In this episode of the Sweaty Startup, I sat down with Katie from Jobber to talk about how I pick the right people for my business and building structure and system. I’m sharing how I operate my business. An exciting episode for business owners!
Succeeding with Average Talent
Every business has either one of two problems: a customer problem or an employee problem. For small businesses, for sweaty startups, very rarely is it a customer problem; the pain point for most of these businesses is that they can’t find people, train them fast enough, and retain them enough to meet demand.
Most business owners have the wrong mindset, and they try to find and hire amazing people, expecting a unicorn of an employee to walk through their door. Rather than spinning your wheels trying to hire fantastic people, you’ll have an easier time if you build a company that can thrive with average people; if average people can come in and deliver great service to your customers, your business instantly becomes much more scalable.
The first step of this is to create a structured environment for your employees. Managers and entrepreneurs often thrive in chaotic, unpredictable environments, employees do not. Employees want the tools to succeed and be told exactly why they can do to make their boss and customer happy. A structured environment will also make it much easier to replace employees who leave, rather than finding it difficult to fill in for the one employee who was thriving when there was no structure.
Always Be Hiring
It’s expected that businesses spend money to market to customers, but in today’s environment you need to market to employees as well. If other companies can succeed in a tight labor market, so can yours, but you need to put in the work to attract talent.
The best employees usually aren’t looking for a job, most of them already have a job, but you can set aside time to do things that don’t scale to find reliable help. I used to make fliers showing that we’re hiring, sharing the minimum pay, and other important details for jobs, then go to businesses like Walmart, Starbucks, Panera, or Target and hand them out to the employees that struck me as driven and energetic. I wouldn’t directly recruit them, I’d hand them the flyer and ask if they knew anybody who was looking for a new job. This was a great and cheap way to get qualified employees interested.
For entry-level employees, it’s important that you hire fast and fire fast. You’ll learn more about their capabilities in their first week on the job than you could in the hiring process, and if they’re being trained properly then there’s only so much they can do to mess up.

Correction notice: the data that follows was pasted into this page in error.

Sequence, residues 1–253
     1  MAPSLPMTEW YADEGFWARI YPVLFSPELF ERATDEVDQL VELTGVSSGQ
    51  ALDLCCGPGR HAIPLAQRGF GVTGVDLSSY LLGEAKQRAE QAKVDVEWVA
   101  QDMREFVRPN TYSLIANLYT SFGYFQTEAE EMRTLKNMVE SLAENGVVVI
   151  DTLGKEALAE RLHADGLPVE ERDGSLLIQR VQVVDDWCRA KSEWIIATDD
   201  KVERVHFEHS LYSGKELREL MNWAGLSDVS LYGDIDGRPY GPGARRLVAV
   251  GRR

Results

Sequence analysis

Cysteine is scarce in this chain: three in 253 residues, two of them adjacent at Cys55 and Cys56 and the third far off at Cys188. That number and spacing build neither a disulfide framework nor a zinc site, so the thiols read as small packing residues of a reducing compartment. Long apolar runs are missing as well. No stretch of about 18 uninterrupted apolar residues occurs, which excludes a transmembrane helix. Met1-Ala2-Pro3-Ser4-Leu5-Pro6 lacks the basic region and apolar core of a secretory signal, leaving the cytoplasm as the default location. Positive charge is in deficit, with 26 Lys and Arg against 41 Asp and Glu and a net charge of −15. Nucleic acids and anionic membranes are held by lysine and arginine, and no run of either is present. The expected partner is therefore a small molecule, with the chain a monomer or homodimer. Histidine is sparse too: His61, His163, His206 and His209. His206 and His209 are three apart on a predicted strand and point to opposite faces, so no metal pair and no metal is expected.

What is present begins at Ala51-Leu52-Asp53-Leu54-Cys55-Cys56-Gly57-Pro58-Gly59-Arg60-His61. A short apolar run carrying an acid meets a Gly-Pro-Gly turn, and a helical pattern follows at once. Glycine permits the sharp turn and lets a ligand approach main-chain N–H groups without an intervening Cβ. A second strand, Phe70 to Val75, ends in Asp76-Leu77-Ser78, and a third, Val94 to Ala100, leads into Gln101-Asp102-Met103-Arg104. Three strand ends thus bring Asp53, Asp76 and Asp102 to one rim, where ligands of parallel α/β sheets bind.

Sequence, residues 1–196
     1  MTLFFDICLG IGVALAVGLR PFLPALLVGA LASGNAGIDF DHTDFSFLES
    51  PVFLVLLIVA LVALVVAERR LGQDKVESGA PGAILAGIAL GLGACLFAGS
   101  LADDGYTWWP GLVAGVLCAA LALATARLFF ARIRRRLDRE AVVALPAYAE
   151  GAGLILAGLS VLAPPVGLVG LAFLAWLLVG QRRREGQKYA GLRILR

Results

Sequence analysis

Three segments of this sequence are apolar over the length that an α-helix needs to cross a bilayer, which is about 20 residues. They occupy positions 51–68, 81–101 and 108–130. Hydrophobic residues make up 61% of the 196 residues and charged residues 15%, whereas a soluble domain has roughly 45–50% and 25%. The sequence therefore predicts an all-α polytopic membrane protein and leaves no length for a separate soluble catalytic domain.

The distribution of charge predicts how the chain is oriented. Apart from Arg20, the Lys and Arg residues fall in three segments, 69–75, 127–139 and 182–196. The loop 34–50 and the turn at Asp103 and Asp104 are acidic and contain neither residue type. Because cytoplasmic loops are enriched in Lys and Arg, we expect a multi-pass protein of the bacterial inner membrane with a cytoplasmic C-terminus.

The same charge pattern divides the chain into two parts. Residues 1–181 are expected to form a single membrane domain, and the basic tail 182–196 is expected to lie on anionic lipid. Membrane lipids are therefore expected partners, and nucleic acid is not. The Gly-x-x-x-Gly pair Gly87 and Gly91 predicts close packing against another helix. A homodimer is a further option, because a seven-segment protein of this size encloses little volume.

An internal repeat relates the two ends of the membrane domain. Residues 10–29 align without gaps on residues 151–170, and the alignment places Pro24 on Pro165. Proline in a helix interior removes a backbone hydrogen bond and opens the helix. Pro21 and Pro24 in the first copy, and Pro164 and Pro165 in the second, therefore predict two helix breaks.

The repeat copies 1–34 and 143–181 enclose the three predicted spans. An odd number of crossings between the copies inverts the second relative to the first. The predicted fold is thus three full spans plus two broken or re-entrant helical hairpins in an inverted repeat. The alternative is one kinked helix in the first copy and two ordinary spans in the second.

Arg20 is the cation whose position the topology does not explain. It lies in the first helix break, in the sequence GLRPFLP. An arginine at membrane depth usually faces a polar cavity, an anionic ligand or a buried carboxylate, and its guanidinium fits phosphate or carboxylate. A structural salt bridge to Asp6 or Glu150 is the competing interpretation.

You often need to hunt for talent in higher-level employees. I always look for salesmanship and communication as my tops traits, if you communicate well you can succeed in almost any environment. Both sides need to be able to avoid overpromising; as a business owner you need to be upfront about the struggles and challenges with the company and role, and the employee needs to be able to tell customers when they aren’t able to do something that the customer wants. It’s very easy to nod along and make half promises to land sales, but that erodes trust over time.
Your Step One
The first employee can be a big step forward for small business owners, but step one before hiring should be to raise your prices. A lot of companies don’t charge enough to set their employees up for success and are then faced with high demand and low margins that will burn people out. Then you should hire once you can’t answer the phone and take on all interested clients on your own anymore. It can be really effective to hire ahead of revenue so that the new employee is fully onboarded when you truly need them, but that comes with its own risk and cost.
It’s okay to never hire, and some people forget that. With Jobber, one person, and a truck you can make a great salary for yourself and save on the stress that can come from scaling a business and dealing with hiring.
Three Key Takeaways
- Raise your prices before you hire, this will put you and your employees in a position to succeed
- Don’t rely on incredible talent, create an environment where average talent can thrive
- The best employees already have jobs, go out and find them
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